For Anna and Vronsky’s next fatal encounter at Princess Betsy’s ball she dons a rich red gown, playing up to the part of harlot ,reminiscent of Scarlett O’Hara’s red gown Rhett makes her don. The gown is off the shoulder and features a unique bell shape silhouette. “There were a few photographs from the 1870s that I found where the dresses had a simple quality that I liked and were quite clear on the structure. Because 1873, when we set the film, was the kind of transition point between the crinoline and the bustle. It wasn’t the narrow type bustle that you get later on, where from the front view of the woman it’s quite narrow over the hips and all of the extension is towards the back; it was in the middle and slightly bell-shaped, and it tipped forward a bit at the front but extended at the back, so it was growing into a bustle. There were a few photographs that showed that shape, and we decided pretty early on that that would be the shape of Anna Karenina”
After the consummation of her affair with Vronsky, Anna’s palette lightens. When alone with Vronsky her state of dress reflects the airiness of the impressionist movement. Anna even continues to add color to her wardrobe at the races when she unintentionally confirms her affair with Vronsky by wearing a pink hat. Even after her brief reconciliation with her husband Karenin and dying after giving birth to Vronsky’s daughter, Anna is dressed in a brighter blue than the races. When she finally decided to run away with Vronsky and abandon her family, her color palette begins to turn dark once more.
Anna’s push to re-enter society is symbolized in the gown she dons to go to the theater in. Wearing all white and covered in jewels and fur, Anna is the opposite of herself from when she first fell for Vronsky at Kitty’s ball. She attempts to be a bride, fresh in love but her pleas for acceptance fall on deaf ears and she is humiliated.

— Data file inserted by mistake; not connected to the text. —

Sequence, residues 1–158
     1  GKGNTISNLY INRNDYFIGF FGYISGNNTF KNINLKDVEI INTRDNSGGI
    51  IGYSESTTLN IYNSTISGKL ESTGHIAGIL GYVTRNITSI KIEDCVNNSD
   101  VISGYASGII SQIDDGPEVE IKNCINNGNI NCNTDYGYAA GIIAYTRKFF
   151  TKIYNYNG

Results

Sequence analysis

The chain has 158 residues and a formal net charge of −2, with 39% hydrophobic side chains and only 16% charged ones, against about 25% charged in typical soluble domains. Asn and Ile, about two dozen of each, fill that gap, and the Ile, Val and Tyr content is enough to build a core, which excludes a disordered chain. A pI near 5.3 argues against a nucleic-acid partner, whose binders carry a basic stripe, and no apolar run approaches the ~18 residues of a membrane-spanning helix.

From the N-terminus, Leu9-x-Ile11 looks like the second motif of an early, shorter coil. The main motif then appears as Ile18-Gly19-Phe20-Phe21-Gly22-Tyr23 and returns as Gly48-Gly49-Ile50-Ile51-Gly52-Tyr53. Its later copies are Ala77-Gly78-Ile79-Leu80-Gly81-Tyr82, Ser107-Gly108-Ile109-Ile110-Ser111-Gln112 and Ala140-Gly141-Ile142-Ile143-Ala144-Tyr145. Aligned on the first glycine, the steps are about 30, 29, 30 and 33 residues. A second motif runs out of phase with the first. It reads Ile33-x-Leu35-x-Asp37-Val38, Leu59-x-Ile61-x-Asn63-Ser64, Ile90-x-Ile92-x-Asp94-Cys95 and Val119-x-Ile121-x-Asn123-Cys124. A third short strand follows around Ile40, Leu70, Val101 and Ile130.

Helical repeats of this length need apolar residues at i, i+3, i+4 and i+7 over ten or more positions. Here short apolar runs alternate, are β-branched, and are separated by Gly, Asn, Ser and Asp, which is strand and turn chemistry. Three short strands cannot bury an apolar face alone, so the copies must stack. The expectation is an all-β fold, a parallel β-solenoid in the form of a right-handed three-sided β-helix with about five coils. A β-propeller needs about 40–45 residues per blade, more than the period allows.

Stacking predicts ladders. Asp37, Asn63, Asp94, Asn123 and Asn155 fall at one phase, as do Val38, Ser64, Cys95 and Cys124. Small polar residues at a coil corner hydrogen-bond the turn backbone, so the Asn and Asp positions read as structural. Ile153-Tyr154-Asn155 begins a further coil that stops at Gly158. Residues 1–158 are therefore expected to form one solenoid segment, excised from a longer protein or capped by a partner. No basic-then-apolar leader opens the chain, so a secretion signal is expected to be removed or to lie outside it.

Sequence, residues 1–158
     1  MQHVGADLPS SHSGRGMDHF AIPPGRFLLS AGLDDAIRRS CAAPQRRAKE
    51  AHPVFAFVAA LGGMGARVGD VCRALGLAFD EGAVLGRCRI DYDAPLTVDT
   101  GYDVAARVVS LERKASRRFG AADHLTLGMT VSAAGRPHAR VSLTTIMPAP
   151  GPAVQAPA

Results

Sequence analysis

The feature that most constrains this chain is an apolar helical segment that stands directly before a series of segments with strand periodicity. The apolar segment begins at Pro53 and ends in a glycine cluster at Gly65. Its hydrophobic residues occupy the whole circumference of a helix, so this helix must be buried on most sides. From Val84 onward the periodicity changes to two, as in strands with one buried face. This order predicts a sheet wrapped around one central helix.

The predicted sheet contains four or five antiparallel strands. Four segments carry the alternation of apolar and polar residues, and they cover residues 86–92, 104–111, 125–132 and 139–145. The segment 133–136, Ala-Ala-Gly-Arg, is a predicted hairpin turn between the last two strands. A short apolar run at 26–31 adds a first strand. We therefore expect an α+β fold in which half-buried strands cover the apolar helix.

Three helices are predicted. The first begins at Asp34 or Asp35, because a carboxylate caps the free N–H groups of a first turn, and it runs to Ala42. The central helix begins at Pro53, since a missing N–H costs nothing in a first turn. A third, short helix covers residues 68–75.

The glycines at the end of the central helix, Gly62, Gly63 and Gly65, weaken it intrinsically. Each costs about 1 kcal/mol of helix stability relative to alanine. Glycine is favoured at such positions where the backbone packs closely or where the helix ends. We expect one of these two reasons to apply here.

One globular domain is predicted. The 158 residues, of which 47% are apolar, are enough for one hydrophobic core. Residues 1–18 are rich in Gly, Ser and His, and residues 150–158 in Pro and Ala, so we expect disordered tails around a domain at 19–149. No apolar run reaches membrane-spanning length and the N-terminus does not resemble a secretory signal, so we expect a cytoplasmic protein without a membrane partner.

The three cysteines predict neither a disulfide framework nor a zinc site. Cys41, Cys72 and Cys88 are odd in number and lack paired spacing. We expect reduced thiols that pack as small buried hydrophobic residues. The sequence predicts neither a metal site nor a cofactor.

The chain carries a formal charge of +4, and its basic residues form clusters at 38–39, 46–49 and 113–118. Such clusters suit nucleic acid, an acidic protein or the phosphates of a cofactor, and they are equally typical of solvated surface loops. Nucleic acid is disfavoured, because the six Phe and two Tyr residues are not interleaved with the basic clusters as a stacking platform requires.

Durran drew heavily from a 1950s aesthetic for the elegant ivory costume Anna wears to a tearoom in Moscow, complete with custom-netted pillbox hat and 50s-inspired wrap bodice with asymmetrical button details. The cream material actually has a pale-gray stripe to it. Durran has called this her favorite ensemble of the film.
Anna begins to unravel further and further as she and Vronsky flee St.Petersburg once more, whilst she still dresses fashionably her costumes reflect her increasingly jealous and foul demeanor. Her state of dress also becomes less and less. We see Anna become addicted to morphine and her dressing gowns and robes reflects that. During her meeting with her sister in law Dolly, Anna dons the beautiful yet somber attire of a pale gray gown with black lace overlay and a black fur coat. The next red ensemble we see her in is darker in hue, a deep red in velvet complete with a matching hat with a heavy velvet rose. It is blood red in hue and looks suppressing on her, it reflects her bloody thoughts as she contemplates and finally commits suicide by throwing herself in front of her train. Anna in her final gown wears a veil that is significantly harder to see through than the first one she wears at the start of the film, signifying her increasingly clouded judgment.
By contrast, the relationship between Levin and Kitty exemplifies a well-rounded, functioning marriage. Levin and Kitty's intimacy thrives because it possesses all the things that Anna and Vronsky's affair lacks: effective communication, mutual trust, shared responsibility, and spiritual sensibility. Levin and Kitty's happiness is not easily achieved; it takes work and dedication. Levin and Kitty succeed because they are satisfied with their daily lives, their routine, and each other. Their compatibility reflects in the way they are dressed too, more simplified than Anna and Vronsky.
I recommend reading this article with original sketches of the clothing used in the film.